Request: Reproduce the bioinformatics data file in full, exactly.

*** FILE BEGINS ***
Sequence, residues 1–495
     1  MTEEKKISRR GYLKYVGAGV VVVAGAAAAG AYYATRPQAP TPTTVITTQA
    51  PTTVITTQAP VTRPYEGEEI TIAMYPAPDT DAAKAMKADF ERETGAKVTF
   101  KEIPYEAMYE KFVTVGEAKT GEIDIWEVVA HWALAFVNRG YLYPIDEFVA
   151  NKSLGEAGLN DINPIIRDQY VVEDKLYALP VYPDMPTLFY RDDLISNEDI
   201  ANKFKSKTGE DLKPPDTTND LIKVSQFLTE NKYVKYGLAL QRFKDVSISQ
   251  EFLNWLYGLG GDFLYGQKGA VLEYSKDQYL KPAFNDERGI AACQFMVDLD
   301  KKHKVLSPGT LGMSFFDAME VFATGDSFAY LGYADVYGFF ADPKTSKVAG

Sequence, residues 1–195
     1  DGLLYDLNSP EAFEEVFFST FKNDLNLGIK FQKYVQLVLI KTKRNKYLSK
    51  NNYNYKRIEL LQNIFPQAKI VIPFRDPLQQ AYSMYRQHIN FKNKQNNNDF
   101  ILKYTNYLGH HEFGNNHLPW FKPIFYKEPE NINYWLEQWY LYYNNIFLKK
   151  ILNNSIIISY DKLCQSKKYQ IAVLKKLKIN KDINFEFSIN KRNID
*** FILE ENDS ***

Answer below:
Sequence, residues 1–495
     1  MTEEKKISRR GYLKYVGAGV VVVAGAAAAG AYYATRPQAP TPTTVITTQA
    51  PTTVITTQAP VTRPYEGEEI TIAMYPAPDT DAAKAMKADF ERETGAKVTF
   101  KEIPYEAMYE KFVTVGEAKT GEIDIWEVVA HWALAFVNRG YLYPIDEFVA
   151  NKSLGEAGLN DINPIIRDQY VVEDKLYALP VYPDMPTLFY RDDLISNEDI
   201  ANKFKSKTGE DLKPPDTTND LIKVSQFLTE NKYVKYGLAL QRFKDVSISQ
   251  EFLNWLYGLG GDFLYGQKGA VLEYSKDQYL KPAFNDERGI AACQFMVDLD
   301  KKHKVLSPGT LGMSFFDAME VFATGDSFAY LGYADVYGFF ADPKTSKVAG

Sequence, residues 1–195
     1  DGLLYDLNSP EAFEEVFFST FKNDLNLGIK FQKYVQLVLI KTKRNKYLSK
    51  NNYNYKRIEL LQNIFPQAKI VIPFRDPLQQ AYSMYRQHIN FKNKQNNNDF
   101  ILKYTNYLGH HEFGNNHLPW FKPIFYKEPE NINYWLEQWY LYYNNIFLKK
   151  ILNNSIIISY DKLCQSKKYQ IAVLKKLKIN KDINFEFSIN KRNID